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Free Jam Tracks - Brought to you by Nick Cresswell
Play Guitar Modes
Welcome to the jam tracks page for modes. Let me start by saying that the jam tracks on this page are the most boring jam tracks on the site! They are here more for exercise and as a reference than anything else.
The jam tracks have a jazz type of feel but they serve the purpose of the exercise that you can use the concepts for any style of music that you play.
I'd recommend spending 10 minutes per day at the most with the jam tracks on this page. Then go put on some Ozzy and get them out of your system.
All the tracks are centered off the key of C so I play each of the 7th chords from the C scale followed by a track that moves from the CMaj7 chord to whatever chord is next in line.
This gives us 13 tracks which are as follows:
The idea being that you can practice playing one mode over a chord as well as play the Root, or I chord, up to each chord. This is so you can hear the movement between those two chords and isolate practicing between two modes and various positions on the neck for each of the modes.
To get you started with exercises I would suggest:
Arpeggiate the 1, 3, 5 and 7 chord tones over each chord
How do you work out what notes to play for each mode?
I'm real glad you asked that questions. That's a great question.
The answer involves you doing some work.
The C Ionian mode is simply the C Major scale which are the notes:
If we number those notes get:
Note that when we get to the 8 we are back to the C. Except we have moved 1 octave up. The next note is the D. This can be called the 9th. It's also the 2nd. Just the 9th is one octave higher. So if we keep the numbers going we can write:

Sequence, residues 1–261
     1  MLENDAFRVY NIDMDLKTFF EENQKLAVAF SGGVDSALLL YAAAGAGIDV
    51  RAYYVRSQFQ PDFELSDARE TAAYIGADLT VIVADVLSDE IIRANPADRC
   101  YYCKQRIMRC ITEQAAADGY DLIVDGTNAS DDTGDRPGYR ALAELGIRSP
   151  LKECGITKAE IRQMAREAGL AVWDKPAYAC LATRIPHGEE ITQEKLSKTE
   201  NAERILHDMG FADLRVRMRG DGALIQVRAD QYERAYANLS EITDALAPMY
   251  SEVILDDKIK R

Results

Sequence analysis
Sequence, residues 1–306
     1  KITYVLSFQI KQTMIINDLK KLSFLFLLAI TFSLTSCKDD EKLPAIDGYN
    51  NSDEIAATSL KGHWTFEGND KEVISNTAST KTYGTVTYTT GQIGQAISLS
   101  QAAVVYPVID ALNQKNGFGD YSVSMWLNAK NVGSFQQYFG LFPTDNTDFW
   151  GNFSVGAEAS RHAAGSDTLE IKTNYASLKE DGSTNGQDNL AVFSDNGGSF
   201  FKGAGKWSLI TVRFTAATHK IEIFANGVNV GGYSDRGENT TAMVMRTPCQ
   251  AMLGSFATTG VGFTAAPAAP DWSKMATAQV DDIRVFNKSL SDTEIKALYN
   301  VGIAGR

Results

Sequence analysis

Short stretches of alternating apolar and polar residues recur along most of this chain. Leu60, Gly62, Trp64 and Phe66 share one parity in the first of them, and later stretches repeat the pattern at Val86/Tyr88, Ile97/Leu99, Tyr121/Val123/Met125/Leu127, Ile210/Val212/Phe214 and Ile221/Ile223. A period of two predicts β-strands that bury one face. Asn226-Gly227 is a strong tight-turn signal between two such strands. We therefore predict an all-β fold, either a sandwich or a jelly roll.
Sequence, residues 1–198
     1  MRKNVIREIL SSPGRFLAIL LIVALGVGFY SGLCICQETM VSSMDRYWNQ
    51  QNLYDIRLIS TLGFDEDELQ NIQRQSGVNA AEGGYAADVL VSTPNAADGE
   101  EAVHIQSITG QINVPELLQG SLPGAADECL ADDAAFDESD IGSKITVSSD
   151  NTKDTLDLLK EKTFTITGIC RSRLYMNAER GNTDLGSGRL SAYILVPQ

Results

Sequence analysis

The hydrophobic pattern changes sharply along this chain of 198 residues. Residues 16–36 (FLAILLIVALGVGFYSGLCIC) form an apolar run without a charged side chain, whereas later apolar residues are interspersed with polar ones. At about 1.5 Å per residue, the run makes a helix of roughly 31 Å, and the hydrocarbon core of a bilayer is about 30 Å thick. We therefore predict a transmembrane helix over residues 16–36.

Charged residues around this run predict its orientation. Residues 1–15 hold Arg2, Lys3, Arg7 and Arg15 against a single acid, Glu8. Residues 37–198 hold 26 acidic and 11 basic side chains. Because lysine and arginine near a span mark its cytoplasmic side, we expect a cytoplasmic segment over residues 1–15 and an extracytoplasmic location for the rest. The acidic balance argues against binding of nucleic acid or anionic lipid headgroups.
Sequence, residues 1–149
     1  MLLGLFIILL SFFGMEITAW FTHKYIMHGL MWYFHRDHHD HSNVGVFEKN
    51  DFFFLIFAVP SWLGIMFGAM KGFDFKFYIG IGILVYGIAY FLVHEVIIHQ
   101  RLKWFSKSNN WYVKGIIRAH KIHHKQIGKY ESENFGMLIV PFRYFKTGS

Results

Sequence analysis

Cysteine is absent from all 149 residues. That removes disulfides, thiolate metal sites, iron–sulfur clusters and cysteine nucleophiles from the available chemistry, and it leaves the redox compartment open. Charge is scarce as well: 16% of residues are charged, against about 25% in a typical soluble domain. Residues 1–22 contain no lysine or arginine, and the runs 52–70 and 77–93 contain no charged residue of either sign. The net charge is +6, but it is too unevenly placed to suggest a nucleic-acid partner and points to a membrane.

Once you get above 9th (which is the 2nd) - it's best to go back to calling the note the 3rd, 4th, 5th etc. No one wants to hear you say that you are playing the 14th!
From a chord point of view we refer to each degree from the Root like this as:
Use upper case Roman numerals for the Major and Dominant chords (I, IV, V) and lower case Roman numbers for the minor chords (ii, iii, vi, vii).
So that's the Ionian mode. What are the notes for the Dorian mode?
The notes for D Dorian start on the D (no prizes for guessing that one). And they move up the scale using the same notes from the C Ionian scale. Although it uses the same notes as the C Ionian scale, don't think of it as the same scale. The scale steps are very different and the mode gives a totally different sound.
So the notes for D Dorian will be:
See what I mean? They are the exact same notes used in the C scale. The spacing between each note is different. For example the interval from 1 to 3 in the C Ionian scale is C to E which is a Major 3rd. Where as the interval from 1 to 3 in the D Dorian scale is D to F which is a minor 3rd.
You can work out the rest from here. Using the above idea, write out the notes for the rest of the modes:
E Phrygian: E, F, G, A, B, C, D, E.
Each of the modes have different intervals between each of the notes.
Work them all out, find the notes on the neck and play the suggested patterns above over the jam tracks. First start with the (overly mundane) idea of playing the mode and the chord tones from each mode over the chord.
Then start to vary the patterns as suggested above. Like playing the notes 1, 3, 2, 4, etc of each mode. This becomes more musical straight away. The more you move between intervals the more you'll start to hear melody.
And one last idea (for now)- play each exercise:
On one string only
Make sure you can name the notes as you go.
If you do this, not only will have miss every repeat of The Simpsons and Family Guy, but you'll also MASTER the fretboard.
There is a lot of work on this page, but if you just do little bits of work on it, you'll soon find you get the basic concept of modes under your fingers and in your head. This will equip you with the knowledge you need to go out further and start looking at how you can really start incorporating modes into your playin in a musical sense.
That's the bottom line - never forget that the aim is to play music. Put the theory in your head, get it under your fingers, then forget about it all, break every rule you've ever learnt and play from your heart.
Time to Shut Up and Practice
Michael Brecker - Song for Bilbao
If you can play like this it would be fair enough to say that you have good grasp of the modes! May Michael Brecker's music live forever.